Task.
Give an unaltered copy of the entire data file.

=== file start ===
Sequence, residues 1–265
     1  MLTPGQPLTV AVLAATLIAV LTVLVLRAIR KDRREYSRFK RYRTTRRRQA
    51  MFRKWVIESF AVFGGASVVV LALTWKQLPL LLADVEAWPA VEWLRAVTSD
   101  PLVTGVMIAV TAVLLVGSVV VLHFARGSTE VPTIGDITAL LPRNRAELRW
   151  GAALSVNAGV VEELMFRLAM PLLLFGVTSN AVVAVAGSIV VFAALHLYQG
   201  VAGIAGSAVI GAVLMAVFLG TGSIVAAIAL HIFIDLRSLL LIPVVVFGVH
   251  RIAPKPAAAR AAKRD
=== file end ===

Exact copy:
Sequence, residues 1–265
     1  MLTPGQPLTV AVLAATLIAV LTVLVLRAIR KDRREYSRFK RYRTTRRRQA
    51  MFRKWVIESF AVFGGASVVV LALTWKQLPL LLADVEAWPA VEWLRAVTSD
   101  PLVTGVMIAV TAVLLVGSVV VLHFARGSTE VPTIGDITAL LPRNRAELRW
   151  GAALSVNAGV VEELMFRLAM PLLLFGVTSN AVVAVAGSIV VFAALHLYQG
   201  VAGIAGSAVI GAVLMAVFLG TGSIVAAIAL HIFIDLRSLL LIPVVVFGVH
   251  RIAPKPAAAR AAKRD